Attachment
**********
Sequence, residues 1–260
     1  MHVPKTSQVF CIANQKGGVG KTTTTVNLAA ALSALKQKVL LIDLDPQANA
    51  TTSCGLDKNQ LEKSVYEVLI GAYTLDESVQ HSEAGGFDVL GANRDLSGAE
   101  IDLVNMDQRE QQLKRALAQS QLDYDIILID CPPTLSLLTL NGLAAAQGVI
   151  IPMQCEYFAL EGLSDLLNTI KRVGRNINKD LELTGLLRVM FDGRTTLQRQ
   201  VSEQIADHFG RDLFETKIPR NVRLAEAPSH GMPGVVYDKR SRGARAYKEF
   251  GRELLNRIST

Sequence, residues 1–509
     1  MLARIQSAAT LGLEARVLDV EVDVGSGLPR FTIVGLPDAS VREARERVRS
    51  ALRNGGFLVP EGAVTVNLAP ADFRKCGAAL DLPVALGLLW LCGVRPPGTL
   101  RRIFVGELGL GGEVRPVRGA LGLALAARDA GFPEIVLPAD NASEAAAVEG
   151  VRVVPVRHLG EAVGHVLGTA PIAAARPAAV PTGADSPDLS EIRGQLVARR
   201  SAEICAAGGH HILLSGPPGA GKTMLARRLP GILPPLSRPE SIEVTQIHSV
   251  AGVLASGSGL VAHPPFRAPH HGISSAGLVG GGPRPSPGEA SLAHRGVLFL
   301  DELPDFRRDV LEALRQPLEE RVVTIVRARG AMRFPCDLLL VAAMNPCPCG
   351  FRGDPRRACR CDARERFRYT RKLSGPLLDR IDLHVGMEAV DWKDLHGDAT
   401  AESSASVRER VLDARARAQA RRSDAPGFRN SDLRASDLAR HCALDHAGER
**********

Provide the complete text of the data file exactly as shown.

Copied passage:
Sequence, residues 1–260
     1  MHVPKTSQVF CIANQKGGVG KTTTTVNLAA ALSALKQKVL LIDLDPQANA
    51  TTSCGLDKNQ LEKSVYEVLI GAYTLDESVQ HSEAGGFDVL GANRDLSGAE
   101  IDLVNMDQRE QQLKRALAQS QLDYDIILID CPPTLSLLTL NGLAAAQGVI
   151  IPMQCEYFAL EGLSDLLNTI KRVGRNINKD LELTGLLRVM FDGRTTLQRQ
   201  VSEQIADHFG RDLFETKIPR NVRLAEAPSH GMPGVVYDKR SRGARAYKEF
   251  GRELLNRIST

Sequence, residues 1–509
     1  MLARIQSAAT LGLEARVLDV EVDVGSGLPR FTIVGLPDAS VREARERVRS
    51  ALRNGGFLVP EGAVTVNLAP ADFRKCGAAL DLPVALGLLW LCGVRPPGTL
   101  RRIFVGELGL GGEVRPVRGA LGLALAARDA GFPEIVLPAD NASEAAAVEG
   151  VRVVPVRHLG EAVGHVLGTA PIAAARPAAV PTGADSPDLS EIRGQLVARR
   201  SAEICAAGGH HILLSGPPGA GKTMLARRLP GILPPLSRPE SIEVTQIHSV
   251  AGVLASGSGL VAHPPFRAPH HGISSAGLVG GGPRPSPGEA SLAHRGVLFL
   301  DELPDFRRDV LEALRQPLEE RVVTIVRARG AMRFPCDLLL VAAMNPCPCG
   351  FRGDPRRACR CDARERFRYT RKLSGPLLDR IDLHVGMEAV DWKDLHGDAT
   401  AESSASVRER VLDARARAQA RRSDAPGFRN SDLRASDLAR HCALDHAGER